In an exclusive interview with T&BB, Patrick Seidel from the Voith Group explains what makes the ‘Plug & Drive H2 Storage System’ – to be showcased at IAA Transportation between 19-25 September – a unique market offering, and the role played by Voith Composites in developing it.
Germany – The paper mill and the vehicle component manufactory seem unlikely bedfellows, but at Voith Group, the separate expertise and resources of each are being brought together to serve an emerging market. The new enterprise is the safe and efficient storage of hydrogen; the point at which the papermaking and the vehicle systems businesses converge is Voith Composites.
Voith Composites is not a corporate division of the group; rather, it refers to the group’s “centre of competence” in composites product development, according to Patrick Seidel, the man responsible for hydrogen storage solutions at Voith. It brings together the competences of Voith’s Paper and Turbo divisions: the former provides the machinery required to roll out fibres into a sheet; the latter possesses, according to Seidel, one of the world’s largest automated production lines for automotive parts made from composites with in-line quality controls. This combination allows Voith to produce at scale a hydrogen storage tank – ‘Carbon4Tank’ – made from lightweight, yet incredibly durable, carbon fibres. And the product which Voith aims to bring out next year – combining the Carbon4Tank with complete H2 gas-systems, thermal optimization, mechanical integration and electronical controls – is the modular ‘Plug & Drive H2 Storage System’, designed for easy integration with a hydrogen truck’s fuel-cell electric or internal combustion powertrain.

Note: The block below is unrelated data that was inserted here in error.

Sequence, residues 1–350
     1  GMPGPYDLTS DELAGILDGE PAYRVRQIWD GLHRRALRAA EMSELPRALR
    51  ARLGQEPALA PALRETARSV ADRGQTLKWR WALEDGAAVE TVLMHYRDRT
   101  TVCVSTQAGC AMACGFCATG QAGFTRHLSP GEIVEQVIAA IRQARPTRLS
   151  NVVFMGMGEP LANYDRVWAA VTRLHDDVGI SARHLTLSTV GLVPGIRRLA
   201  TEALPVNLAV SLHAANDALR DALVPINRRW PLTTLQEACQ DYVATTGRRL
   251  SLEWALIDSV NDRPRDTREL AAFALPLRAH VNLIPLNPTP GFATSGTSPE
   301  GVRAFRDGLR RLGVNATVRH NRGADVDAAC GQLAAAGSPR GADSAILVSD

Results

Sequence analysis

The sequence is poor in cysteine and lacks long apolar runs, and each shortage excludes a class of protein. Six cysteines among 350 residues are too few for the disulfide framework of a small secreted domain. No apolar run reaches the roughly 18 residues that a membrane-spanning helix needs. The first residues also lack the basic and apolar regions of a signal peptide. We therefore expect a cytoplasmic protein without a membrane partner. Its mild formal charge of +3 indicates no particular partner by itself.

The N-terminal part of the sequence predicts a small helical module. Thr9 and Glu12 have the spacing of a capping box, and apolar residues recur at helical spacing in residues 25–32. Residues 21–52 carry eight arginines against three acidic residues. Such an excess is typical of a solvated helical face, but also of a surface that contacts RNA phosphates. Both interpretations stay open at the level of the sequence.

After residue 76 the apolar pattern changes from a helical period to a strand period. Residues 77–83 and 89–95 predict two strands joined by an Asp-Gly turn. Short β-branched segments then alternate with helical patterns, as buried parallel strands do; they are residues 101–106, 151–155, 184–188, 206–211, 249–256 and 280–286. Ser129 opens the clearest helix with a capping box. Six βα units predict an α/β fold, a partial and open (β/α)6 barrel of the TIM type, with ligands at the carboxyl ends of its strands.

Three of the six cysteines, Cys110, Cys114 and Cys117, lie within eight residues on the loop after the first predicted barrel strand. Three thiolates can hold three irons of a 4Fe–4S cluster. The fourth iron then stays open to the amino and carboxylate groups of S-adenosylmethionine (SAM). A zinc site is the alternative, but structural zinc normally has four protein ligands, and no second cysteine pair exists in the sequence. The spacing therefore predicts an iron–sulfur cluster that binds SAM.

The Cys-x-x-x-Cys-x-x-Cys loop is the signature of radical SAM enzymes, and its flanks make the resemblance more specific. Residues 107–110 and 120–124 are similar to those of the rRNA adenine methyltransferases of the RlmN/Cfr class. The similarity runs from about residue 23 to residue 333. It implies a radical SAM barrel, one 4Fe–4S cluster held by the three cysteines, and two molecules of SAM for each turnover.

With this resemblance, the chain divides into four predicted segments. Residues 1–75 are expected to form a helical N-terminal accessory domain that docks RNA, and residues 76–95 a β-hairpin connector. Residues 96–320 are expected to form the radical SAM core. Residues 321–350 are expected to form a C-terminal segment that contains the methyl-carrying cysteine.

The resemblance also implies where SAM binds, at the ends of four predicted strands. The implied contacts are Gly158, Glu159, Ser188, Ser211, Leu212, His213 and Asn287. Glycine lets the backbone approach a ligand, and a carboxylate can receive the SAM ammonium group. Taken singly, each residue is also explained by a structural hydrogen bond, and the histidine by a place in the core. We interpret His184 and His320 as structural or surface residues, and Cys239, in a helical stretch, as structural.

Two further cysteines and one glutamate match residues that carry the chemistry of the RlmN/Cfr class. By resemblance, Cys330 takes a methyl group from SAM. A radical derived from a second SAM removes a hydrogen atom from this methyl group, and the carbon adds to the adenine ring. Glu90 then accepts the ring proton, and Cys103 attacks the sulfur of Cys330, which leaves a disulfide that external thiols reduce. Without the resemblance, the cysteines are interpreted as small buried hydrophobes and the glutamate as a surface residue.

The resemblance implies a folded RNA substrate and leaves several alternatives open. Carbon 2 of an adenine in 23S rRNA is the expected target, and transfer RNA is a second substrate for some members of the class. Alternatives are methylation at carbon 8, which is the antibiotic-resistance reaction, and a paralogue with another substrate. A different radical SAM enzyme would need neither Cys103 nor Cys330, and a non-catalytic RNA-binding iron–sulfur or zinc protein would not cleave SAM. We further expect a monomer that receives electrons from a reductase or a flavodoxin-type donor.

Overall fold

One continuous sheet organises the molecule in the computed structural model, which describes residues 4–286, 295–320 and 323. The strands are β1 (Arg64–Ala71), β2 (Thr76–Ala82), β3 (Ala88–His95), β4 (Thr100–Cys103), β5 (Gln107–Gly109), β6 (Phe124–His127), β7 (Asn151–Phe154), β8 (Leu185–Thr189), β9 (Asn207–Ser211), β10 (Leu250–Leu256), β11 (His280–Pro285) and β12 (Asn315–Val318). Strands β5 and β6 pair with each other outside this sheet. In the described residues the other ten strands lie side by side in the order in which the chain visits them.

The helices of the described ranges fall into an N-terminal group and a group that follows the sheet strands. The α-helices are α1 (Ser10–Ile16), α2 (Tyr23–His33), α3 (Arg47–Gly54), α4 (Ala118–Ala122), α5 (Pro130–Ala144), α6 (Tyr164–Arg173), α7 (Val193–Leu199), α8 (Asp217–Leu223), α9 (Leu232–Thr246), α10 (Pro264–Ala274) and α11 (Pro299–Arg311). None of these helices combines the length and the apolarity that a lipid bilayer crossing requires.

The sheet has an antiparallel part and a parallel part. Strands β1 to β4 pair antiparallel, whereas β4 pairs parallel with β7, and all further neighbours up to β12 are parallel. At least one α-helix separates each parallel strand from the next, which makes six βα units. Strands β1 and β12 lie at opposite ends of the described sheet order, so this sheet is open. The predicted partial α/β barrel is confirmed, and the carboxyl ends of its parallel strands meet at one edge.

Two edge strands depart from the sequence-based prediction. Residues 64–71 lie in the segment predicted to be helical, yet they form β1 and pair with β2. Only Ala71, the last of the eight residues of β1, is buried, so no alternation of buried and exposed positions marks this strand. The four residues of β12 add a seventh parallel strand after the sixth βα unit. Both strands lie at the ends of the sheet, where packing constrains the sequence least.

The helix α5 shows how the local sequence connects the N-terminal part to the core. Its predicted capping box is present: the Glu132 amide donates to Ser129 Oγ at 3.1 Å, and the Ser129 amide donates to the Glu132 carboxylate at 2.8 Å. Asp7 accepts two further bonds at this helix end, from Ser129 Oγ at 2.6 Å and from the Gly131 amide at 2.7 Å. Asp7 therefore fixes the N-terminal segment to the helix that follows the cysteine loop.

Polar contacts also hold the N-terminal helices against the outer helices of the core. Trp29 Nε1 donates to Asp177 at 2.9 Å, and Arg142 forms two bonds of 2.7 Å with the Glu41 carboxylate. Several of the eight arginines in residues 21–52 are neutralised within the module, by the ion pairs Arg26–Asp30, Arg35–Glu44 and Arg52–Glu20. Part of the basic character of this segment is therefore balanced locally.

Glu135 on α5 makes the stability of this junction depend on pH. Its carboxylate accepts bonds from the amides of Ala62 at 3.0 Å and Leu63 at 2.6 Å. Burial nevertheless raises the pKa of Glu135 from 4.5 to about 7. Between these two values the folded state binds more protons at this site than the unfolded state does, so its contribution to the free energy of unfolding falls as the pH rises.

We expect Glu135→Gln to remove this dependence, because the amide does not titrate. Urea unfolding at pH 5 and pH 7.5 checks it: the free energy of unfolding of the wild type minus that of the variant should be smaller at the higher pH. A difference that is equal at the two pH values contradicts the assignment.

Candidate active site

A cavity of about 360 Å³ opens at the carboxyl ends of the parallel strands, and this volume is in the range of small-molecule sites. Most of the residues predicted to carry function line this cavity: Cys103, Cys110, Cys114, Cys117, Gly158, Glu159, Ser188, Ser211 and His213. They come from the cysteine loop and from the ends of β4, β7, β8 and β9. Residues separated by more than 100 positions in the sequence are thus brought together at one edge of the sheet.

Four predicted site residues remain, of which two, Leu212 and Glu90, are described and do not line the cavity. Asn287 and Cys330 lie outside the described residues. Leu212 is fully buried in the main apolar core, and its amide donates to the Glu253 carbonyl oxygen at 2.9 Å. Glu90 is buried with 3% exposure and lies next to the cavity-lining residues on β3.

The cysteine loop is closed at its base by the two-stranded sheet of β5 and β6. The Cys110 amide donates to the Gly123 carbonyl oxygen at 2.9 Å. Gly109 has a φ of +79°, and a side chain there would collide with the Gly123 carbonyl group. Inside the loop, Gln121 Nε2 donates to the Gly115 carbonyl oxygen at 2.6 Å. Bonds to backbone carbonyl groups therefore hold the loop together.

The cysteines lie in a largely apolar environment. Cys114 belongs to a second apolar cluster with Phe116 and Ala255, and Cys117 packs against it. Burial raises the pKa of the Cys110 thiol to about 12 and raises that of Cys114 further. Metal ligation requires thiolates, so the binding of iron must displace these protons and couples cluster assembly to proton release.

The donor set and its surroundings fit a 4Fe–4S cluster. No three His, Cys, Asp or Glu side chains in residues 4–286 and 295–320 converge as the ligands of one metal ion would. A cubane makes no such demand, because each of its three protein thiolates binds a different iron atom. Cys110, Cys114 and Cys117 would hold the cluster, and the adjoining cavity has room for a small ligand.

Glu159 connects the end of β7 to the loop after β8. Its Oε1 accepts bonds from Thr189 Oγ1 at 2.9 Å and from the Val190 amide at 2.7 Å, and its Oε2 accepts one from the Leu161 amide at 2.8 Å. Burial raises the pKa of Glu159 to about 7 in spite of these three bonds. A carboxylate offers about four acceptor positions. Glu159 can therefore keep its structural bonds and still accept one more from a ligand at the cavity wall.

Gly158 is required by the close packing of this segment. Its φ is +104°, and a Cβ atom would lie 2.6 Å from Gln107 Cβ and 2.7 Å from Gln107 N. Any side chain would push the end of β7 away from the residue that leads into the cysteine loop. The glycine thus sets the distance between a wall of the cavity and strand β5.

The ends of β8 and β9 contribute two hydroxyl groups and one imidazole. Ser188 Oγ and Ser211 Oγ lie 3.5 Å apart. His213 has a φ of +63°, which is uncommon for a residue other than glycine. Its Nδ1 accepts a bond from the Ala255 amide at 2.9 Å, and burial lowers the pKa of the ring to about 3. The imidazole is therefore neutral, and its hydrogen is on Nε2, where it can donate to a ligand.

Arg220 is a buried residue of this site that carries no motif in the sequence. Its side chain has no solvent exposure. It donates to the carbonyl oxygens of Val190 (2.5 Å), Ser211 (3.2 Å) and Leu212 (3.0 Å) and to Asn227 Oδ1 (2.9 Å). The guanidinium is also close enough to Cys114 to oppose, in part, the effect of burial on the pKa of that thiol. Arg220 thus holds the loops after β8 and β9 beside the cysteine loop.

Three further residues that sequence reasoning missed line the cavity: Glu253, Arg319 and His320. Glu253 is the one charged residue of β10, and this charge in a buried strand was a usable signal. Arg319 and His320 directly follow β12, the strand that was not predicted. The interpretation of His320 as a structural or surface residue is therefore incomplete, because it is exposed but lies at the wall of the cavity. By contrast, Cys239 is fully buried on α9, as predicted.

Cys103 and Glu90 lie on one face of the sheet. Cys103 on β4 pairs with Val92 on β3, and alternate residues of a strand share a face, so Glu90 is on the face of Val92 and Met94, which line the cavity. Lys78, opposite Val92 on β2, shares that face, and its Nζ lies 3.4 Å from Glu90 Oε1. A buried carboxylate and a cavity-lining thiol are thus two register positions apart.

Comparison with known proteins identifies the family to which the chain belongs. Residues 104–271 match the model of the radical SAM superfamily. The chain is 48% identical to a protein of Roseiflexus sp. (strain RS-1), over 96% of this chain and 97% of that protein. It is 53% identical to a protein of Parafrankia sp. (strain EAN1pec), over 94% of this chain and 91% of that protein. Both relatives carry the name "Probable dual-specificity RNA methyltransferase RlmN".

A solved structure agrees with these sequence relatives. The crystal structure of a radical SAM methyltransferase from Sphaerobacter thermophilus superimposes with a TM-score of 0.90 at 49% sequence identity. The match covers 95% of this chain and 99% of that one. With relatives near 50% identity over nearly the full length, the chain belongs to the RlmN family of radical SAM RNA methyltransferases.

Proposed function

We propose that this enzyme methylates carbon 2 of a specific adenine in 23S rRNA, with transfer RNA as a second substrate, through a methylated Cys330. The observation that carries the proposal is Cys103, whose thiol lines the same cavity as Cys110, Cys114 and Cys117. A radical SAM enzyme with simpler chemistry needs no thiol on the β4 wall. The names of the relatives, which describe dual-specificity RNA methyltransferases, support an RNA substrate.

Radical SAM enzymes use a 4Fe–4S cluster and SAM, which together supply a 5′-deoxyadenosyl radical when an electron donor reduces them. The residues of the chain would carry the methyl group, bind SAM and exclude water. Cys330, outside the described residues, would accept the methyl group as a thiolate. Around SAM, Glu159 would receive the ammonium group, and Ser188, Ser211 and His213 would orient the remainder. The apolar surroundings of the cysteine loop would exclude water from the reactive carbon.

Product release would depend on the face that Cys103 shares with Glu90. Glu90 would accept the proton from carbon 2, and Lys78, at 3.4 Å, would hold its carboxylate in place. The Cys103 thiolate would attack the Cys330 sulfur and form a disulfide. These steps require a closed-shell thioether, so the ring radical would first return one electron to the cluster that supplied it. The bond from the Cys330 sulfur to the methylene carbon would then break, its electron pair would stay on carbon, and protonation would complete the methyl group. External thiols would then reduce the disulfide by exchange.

The design and manufacture of the carbon fibre tanks
A composite is made up of a reinforcement, which provides the strength, and a matrix, which binds the materials together. In a carbon-fibre-reinforced polymer (CFRP), the carbon fibres serve as the reinforcement. Each fibre is incredibly thin: at less than 1mm thickness, carbon fibres are thinner than a human hair, according to Seidel. The diminutive size of a single fibre belies the fact, however, that it provides super tensile strength. But there is a caveat: unlike metals, carbon fibres have directional strength properties; that is to say, they are incredibly robust along the fibre, but weak across it. Hence, the matrix – normally a polymer resin such as epoxy – is added to bind the fibres together; combined with the right winding technology, this results in a reinforced composite material capable of withstanding maximum loads.
The conventional method to make composite tanks is to pull dry fibres through a resin bath before winding them on the tank and curing the result in an oven. Voith however, has opted for a different method using so-called ‘towpregs’. Towpregs are spooled fibres which have been “pre-impregnated” with epoxy; that is to say, the fibres are already coated with resin and pre-activated by heat. The fibres are bonded together, like “sticky tape”, when wound into the shape of the final product. This method, according to Seidel, is a more efficient and less wasteful means of making composite tanks. The time taken to finish the product is shorter because the winding speed is much faster. Fibres wound in the conventional way can move out of place, for which manufacturers often have to use more material to compensate; and some of the resin, when applied to the fibres, drips off and is lost. Voith’s method is less wasteful and therefore cheaper, says Seidel. In addition, the final product, because it uses less material, is lighter and thinner, allowing for increased storage capacity.